Waiting rooms. Doctors’ office waiting rooms. Surgery waiting rooms. Emergency waiting rooms. How many times have you been there? Waiting for a loved one who is sick to see the doctor. Waiting for the doctor to diagnose or treat an emergency pain or situation. Waiting for the surgeon to patch up some broken, infected, or rebellious part of your loved ones’ body.
What do we do while waiting? We worry and fret. We pray. We reminisce over all the good memories—and sometimes the bad. We wonder about the future. What will happen during the recovery process? Will we have to miss work, school, vacation, etc.? Will they be able to care for themselves or will we have to find caregivers to assist us? Are we facing a short illness, or months of recovery? So many questions; we often sit and stew in our own private misery.
Do you ever look at the other people sitting around you and wonder what their story is? Do you wonder who they are waiting for, what they hope to hear, and how they came to be there? Does it ever cross your mind that they are in the same situation you are in—waiting, wondering, and worrying?Reach out to those around you and see if you can offer them encouragement, comfort, and hope. Click To Tweet
Have you ever thought to reach out to those around you and see if you can offer them encouragement? I’m not saying to start prying into everyone’s business—this is a personal, trying time for many. Some may wish to stay isolated, keeping their focus inward, or be more comfortable just keeping to themselves and working through their crisis alone and in their own way.
However, it has been my experience while sitting in the waiting room alone, that if you say a kind word or two to the person near you, they are only too happy to start talking. It may not be about their immediate crisis; it may be about something general—the weather, the hospital cafeteria, wondering why they let children under 12 into any waiting area with adults, etc.
You might be surprised to find that even light-hearted conversation alleviates stress—both yours and theirs. More surprisingly, you might find that these seemingly inconsequential conversations will lead to sharing more immediate concerns. This can be an excellent opportunity to encourage and comfort other Christians and strengthen their faith. For someone who is not a Christian, it can be a time to introduce them to Jesus and the hope that they can find by accepting Him as their Savior. Who knows but that God has placed you in this waiting room, at this time, to be His messenger of hope and encouragement to this person (or persons) who so desperately needs it?Perhaps God has put you where you are to be His messenger of hope and encouragement. Click To Tweet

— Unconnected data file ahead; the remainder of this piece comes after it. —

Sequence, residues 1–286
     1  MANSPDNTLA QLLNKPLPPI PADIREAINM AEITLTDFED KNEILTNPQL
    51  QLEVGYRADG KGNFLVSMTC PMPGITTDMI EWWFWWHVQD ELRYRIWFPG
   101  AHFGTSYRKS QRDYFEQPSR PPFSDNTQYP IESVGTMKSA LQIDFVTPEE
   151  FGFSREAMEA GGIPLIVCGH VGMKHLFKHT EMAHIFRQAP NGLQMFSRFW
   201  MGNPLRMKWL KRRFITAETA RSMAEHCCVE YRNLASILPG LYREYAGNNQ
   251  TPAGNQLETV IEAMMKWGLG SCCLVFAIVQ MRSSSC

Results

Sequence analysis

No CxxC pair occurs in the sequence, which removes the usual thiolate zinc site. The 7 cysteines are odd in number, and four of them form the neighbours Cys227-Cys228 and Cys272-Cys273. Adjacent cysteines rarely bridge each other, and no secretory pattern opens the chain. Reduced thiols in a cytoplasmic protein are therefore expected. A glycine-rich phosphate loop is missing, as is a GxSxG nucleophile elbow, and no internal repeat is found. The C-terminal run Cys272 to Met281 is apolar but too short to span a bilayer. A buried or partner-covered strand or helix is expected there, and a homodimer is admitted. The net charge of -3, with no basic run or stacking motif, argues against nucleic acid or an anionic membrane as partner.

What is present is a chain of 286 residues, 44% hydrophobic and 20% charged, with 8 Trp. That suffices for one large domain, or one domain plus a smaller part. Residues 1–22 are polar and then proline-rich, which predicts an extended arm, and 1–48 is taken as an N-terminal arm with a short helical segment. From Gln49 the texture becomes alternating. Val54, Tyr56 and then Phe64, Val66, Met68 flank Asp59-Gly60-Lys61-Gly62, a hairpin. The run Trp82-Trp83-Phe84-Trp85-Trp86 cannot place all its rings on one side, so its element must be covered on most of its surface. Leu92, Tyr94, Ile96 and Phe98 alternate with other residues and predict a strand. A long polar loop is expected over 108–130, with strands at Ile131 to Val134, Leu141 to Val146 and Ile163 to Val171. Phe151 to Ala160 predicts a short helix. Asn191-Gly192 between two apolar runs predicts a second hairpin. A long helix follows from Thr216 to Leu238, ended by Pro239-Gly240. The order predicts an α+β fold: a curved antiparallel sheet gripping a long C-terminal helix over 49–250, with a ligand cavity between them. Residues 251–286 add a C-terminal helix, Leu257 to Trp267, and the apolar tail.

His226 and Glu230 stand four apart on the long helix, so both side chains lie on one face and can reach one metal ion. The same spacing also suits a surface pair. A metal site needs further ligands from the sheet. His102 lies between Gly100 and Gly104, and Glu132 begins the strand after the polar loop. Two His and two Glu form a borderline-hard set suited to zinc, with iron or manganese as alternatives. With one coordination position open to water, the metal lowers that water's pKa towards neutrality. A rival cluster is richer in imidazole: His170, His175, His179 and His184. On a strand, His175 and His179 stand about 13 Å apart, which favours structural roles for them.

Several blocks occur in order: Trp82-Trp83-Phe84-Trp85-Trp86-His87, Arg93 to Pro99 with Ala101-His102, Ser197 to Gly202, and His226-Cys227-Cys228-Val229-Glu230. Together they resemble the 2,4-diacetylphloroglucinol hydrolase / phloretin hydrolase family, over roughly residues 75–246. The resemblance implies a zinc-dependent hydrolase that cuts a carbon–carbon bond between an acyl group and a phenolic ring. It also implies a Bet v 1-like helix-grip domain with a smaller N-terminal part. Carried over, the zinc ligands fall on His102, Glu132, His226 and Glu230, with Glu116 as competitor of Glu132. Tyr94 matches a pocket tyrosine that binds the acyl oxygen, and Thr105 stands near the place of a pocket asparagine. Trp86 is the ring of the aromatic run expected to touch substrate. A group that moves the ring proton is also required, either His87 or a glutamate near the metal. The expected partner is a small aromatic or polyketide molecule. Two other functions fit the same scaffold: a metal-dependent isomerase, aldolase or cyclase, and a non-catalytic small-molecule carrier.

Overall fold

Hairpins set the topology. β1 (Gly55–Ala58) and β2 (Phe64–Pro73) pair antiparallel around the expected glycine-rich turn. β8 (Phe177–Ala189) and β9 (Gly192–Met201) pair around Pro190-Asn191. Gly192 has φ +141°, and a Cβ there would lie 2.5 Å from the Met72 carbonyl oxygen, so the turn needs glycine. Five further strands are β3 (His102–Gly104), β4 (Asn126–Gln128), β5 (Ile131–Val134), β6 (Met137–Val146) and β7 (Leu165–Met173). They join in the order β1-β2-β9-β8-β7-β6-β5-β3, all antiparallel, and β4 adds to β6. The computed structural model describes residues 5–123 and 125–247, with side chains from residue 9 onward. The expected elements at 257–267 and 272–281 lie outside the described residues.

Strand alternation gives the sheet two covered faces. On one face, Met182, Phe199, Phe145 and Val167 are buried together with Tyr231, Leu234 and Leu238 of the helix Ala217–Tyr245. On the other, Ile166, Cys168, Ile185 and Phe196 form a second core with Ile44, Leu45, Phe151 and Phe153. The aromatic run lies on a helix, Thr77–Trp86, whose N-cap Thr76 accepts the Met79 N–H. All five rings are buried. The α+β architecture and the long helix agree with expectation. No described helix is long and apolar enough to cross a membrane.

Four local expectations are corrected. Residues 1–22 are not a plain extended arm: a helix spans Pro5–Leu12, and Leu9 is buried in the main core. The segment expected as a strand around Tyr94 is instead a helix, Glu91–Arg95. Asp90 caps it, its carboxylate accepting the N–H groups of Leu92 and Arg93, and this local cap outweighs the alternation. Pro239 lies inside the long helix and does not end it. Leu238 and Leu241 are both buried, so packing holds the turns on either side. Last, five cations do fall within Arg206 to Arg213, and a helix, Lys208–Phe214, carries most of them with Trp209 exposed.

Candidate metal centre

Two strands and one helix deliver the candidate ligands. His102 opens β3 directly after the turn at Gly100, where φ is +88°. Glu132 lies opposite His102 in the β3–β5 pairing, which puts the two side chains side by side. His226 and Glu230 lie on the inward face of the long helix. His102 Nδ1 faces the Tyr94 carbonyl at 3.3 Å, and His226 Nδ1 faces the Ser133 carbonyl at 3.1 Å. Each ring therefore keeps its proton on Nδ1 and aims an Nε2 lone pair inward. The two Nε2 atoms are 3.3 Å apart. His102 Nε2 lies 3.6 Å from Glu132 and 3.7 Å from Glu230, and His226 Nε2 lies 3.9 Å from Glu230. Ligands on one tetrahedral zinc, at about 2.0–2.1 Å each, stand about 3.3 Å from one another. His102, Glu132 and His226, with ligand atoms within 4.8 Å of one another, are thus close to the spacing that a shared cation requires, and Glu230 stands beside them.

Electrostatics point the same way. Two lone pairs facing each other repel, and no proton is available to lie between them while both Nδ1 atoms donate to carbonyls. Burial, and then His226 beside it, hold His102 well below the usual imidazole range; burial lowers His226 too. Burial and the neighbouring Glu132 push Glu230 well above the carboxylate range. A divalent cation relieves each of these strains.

I can remember times I’ve sat in the waiting room with family and friends for either my loved ones or theirs, waiting on good news and bad. I can also remember a couple of times when I waited in the emergency room alone while the doctors worked to slow down my husband’s rapid heartbeat. (This was due to the fact it was the middle of the night and I didn’t want to “bother” anyone. I won’t do that again–It is lonely and frightening waiting in such serious circumstances by yourself!) There have been many other times I’ve been left waiting for a loved one when friends and family were around. These times, while stressful, were not nearly so overwhelming because I had someone there to share the stress of waiting with me.
So how do you reach out to others in the “waiting rooms” of life? For some this will be easy—starting conversations with virtual strangers is no big deal. For others it may take a little more effort. Here are a couple of suggestions that might help in these situations:
- Be aware. Stop thinking only of your own situation. Look around, see that others around you are suffering as well.
Don’t be concerned for your own good but for the good of others. 1 Corinthians 10:24 (NLT)
- Pray. Ask God to show you who you need to reach out to. Ask Him to give you the words to say.
For the Lord gives wisdom; from his mouth come knowledge and understanding. Proverbs 2:6 (NLT)
- Start a conversation. Comment on the weather. Offer them a cup of coffee. Many times, polite conversation will lead to more meaningful conversation. Follow their lead (and the Lord’s). Most of the time body language with tell you whether they will be receptive to conversation or not.
If someone has enough money to live well and sees a brother or sister in need but shows no compassion—how can God’s love be in that person? 1 John 3:17 (NLT)
- Share your faith. Share your story. Introduce them to the Savior. Share how He is helping you through your current situation and/or how he has helped you in past situations. Publish his glorious deeds among the nations.
And then he told them, “Go into all the world and preach the Good News to everyone. Mark 16:15 (NLT)
Tell everyone about the amazing things he does. Psalm 96:3 (NLT)
- Pray with them. If they are not comfortable with that, pray for them on your own. Send them on their way with renewed confidence in the Lord or introduce them to a relationship with the Lord.
I urge you, first of all, to pray for all people. Ask God to help them; intercede on their behalf, and give thanks for them. 1 Timothy 2:1 (NLT)
So next time you are sitting around in the waiting rooms of the world, look around. You never know who God might have put in your path so you can help share their burden and reassure them that they are not alone. It will surprise you how often you see God at work in the lives of those you meet. And you will be amazed at how much quicker the waiting period seems to pass, when it is spent doing the Lord’s work.
New Living Translation (NLT)
Holy Bible, New Living Translation, copyright © 1996, 2004, 2015 by Tyndale House Foundation. Used by permission of Tyndale House Publishers Inc., Carol Stream, Illinois 60188. All rights reserved.